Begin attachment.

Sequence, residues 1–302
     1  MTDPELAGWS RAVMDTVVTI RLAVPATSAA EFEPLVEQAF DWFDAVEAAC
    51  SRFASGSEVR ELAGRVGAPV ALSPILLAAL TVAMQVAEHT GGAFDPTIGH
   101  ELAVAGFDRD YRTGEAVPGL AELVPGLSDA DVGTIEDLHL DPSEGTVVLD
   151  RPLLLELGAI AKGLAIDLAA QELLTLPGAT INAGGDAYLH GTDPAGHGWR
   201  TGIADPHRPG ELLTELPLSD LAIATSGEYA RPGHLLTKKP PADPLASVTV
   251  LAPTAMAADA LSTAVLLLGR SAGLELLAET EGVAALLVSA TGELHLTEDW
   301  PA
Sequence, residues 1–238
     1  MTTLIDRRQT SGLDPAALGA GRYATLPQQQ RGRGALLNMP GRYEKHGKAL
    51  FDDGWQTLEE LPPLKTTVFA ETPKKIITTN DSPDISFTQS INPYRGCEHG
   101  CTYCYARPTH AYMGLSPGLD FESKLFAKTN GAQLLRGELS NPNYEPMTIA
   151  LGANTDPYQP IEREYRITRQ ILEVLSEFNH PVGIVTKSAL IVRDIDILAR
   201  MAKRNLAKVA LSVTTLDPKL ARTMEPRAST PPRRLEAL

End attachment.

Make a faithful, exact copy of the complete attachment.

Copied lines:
Sequence, residues 1–302
     1  MTDPELAGWS RAVMDTVVTI RLAVPATSAA EFEPLVEQAF DWFDAVEAAC
    51  SRFASGSEVR ELAGRVGAPV ALSPILLAAL TVAMQVAEHT GGAFDPTIGH
   101  ELAVAGFDRD YRTGEAVPGL AELVPGLSDA DVGTIEDLHL DPSEGTVVLD
   151  RPLLLELGAI AKGLAIDLAA QELLTLPGAT INAGGDAYLH GTDPAGHGWR
   201  TGIADPHRPG ELLTELPLSD LAIATSGEYA RPGHLLTKKP PADPLASVTV
   251  LAPTAMAADA LSTAVLLLGR SAGLELLAET EGVAALLVSA TGELHLTEDW
   301  PA
Sequence, residues 1–238
     1  MTTLIDRRQT SGLDPAALGA GRYATLPQQQ RGRGALLNMP GRYEKHGKAL
    51  FDDGWQTLEE LPPLKTTVFA ETPKKIITTN DSPDISFTQS INPYRGCEHG
   101  CTYCYARPTH AYMGLSPGLD FESKLFAKTN GAQLLRGELS NPNYEPMTIA
   151  LGANTDPYQP IEREYRITRQ ILEVLSEFNH PVGIVTKSAL IVRDIDILAR
   201  MAKRNLAKVA LSVTTLDPKL ARTMEPRAST PPRRLEAL